I don't think it is safe to remove large amounts of water from one geographical area...and move it to another...maybe smaller amounts very carefully observing damaging consequences...That sort of thing happened here...the county next door bought property in this county and made well fields to pump the water to save their over populated we have the same...too fast of growth so people can make more money...There was quite a political battle over that...But in the end the water was being pumped all over the place...water quality here dropped...tap water not like it used to be...sink holes open up and swallow houses...ruining property ...some of the lakes aren't as clear as they were 20-30 years ago...and the list goes on...This is the agency that regulates the water The Southwest Florida Water Management District (SWFWMD)...Its nickname is SWIFTMUD...reporters, politicians, everybody calls it that...kinda ironic...go figure...
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Comment #8 posted by Had Enough on August 30, 2015 at 15:05:48 PT
Problems to be overcome...again...
Problems to be overcome...again...this will be the second time aroundBiggest problem...need 683,149 valid signatures...that means about 1.5 million signatures need to be collected...the supervisor of Elections Office will disqualify any petition that has anything wrong with it at all...Next Problem...After the ballot measure has collected enough qualifying has to receive 60% from the voters that participate in the election...not 50%...Last Election...57 to 58% in favor...on another note...the governors only received about 42% to something like 45%...So again as we've seen in other states...more people were in favor of cannabis law reform...than the governors race themselves...
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Comment #7 posted by Hope on August 30, 2015 at 13:18:54 PT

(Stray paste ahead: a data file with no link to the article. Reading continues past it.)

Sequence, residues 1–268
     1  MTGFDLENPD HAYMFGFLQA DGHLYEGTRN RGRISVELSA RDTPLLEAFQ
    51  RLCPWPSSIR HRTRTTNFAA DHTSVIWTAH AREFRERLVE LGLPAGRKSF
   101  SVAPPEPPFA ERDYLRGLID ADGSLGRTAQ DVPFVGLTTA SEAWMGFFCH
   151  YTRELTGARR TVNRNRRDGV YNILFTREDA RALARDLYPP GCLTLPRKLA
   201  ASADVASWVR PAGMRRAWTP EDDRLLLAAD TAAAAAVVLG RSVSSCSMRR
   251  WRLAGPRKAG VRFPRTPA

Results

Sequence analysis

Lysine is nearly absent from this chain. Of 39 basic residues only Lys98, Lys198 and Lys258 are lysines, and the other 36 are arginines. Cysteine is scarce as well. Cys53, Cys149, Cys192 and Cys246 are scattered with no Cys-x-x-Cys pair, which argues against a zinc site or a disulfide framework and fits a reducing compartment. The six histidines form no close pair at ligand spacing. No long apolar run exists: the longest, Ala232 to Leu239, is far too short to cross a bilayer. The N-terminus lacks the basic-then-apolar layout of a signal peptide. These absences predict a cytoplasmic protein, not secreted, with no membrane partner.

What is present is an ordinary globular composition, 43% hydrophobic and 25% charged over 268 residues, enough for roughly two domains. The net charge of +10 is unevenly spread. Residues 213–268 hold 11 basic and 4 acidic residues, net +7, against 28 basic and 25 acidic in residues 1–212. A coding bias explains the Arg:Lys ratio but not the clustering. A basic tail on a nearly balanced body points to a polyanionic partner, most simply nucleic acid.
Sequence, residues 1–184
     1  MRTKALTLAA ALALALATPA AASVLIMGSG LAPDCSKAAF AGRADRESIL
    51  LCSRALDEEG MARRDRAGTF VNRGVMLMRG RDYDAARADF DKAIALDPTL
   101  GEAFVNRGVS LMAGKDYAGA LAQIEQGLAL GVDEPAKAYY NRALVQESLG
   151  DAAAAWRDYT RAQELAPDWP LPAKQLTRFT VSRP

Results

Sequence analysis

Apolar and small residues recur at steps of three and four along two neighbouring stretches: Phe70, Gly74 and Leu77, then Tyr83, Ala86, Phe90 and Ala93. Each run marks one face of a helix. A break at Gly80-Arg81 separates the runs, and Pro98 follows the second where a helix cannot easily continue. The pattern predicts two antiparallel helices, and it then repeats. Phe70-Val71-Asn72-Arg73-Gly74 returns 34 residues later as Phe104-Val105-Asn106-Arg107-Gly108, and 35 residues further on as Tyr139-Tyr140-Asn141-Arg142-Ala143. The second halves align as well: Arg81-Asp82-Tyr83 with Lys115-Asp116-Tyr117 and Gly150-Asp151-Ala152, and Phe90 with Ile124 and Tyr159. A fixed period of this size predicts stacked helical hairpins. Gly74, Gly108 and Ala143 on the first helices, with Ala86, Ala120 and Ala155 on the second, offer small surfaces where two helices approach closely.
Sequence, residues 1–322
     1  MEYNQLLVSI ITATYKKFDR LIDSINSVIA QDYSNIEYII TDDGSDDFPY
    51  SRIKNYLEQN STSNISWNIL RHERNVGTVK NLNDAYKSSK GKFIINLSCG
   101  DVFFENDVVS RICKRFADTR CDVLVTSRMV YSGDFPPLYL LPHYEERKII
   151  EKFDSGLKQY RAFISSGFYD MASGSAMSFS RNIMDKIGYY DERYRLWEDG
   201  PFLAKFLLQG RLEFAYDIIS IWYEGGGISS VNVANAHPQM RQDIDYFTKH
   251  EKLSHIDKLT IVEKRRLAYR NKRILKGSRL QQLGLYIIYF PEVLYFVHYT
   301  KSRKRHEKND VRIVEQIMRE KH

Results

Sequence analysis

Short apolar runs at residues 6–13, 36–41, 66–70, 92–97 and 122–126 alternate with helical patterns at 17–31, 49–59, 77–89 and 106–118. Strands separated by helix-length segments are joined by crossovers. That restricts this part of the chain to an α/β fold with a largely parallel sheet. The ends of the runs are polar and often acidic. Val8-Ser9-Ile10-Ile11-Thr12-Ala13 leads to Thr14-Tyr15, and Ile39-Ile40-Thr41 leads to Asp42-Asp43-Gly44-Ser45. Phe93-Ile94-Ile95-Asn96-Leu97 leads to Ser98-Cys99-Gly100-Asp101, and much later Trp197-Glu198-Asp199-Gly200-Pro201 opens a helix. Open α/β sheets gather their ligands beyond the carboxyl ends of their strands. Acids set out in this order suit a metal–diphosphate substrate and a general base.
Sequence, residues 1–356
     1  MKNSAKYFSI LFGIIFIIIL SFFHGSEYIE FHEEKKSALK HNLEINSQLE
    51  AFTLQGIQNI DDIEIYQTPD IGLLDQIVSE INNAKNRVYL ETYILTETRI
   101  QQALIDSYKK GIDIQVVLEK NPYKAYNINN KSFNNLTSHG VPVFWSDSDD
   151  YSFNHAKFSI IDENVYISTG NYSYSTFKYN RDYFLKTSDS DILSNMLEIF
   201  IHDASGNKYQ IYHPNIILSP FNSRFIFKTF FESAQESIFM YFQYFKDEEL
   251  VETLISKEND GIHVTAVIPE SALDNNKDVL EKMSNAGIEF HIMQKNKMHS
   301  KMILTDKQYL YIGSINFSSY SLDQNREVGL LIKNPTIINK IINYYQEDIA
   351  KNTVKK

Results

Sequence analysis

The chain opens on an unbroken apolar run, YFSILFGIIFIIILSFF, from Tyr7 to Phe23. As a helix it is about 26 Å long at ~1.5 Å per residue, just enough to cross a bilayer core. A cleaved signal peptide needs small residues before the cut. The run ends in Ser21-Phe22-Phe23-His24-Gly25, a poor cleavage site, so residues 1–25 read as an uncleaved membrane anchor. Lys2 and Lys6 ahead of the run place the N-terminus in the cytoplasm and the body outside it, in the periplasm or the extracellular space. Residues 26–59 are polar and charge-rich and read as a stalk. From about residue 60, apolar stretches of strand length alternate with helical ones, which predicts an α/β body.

You aren't alone in wanting a water pipeline to California and other places. William Shatner, for one, has tried very hard to get a campaign going for one. He thinks it should come from the Seattle area. It's being considered. Alaska and Washington also. Proposed interstate water pipelines to California Drought Solution: Interstate Water Pipeline
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Comment #6 posted by Hope on August 30, 2015 at 13:01:33 PT
Had Enough
They are going to diminish each other in the election, aren't they? If only everyone would get behind one. This is so good with a very serious drawback, isn't it? Or is it?
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Comment #5 posted by Had Enough on August 30, 2015 at 12:44:08 PT
Gonna do it again...
BALLOT TITLE: RIGHT OF ADULTS TO CANNABISBALLOT SUMMARY: This amendment guarantees the right of persons over twenty-one years of age to possess, use, and cultivate cannabis (commonly referred to as marijuana), reserving to the State the power to regulate its purchase and sale in the interest of health and safety. This amendment applies only to Florida law and state action, and does not immunize violations of federal law.ARTICLE AND SECTION BEING CREATED OR AMENDED: Article I, Section 28FULL TEXT OF THE PROPOSED CONSTITUTIONAL AMENDMENT: All people in the State of Florida twenty-one years of age and older shall have the right under state laws to possession, use, and cultivation of cannabis. This right shall not be infringed except that the transfer of cannabis by purchase or sale may be regulated as necessary to ensure health and safety."Cannabis" in this section is defined as all parts of any plant of the genus Cannabis, whether growing or not, and the seeds thereof.The provisions of this section are severable and if any clause or sentence of this measure, or an application thereof, is adjudged invalid by a court of competent jurisdiction, other provisions shall continue to be in effect to the fullest extent possible.
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Comment #4 posted by Sam Adams on August 30, 2015 at 10:49:33 PT
yes Oleg, of course you're right, water is a HUGE issue in the American west, either we implement some new ideas or everyone leaves California & Vegas & Arizona over the next 50 years.Sad to see money still going into bogus cannabis research when we have several other urgent health care crisis....cancer and diabetes epidemics, 10-50 times the rate of other countries. 1 in 4 boys have neurological disorders from growing up with all the chemicals and crap in American air, water, medicine, and food supply.
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Comment #3 posted by Oleg the Tumor on August 30, 2015 at 06:39:44 PT
Brain Volume?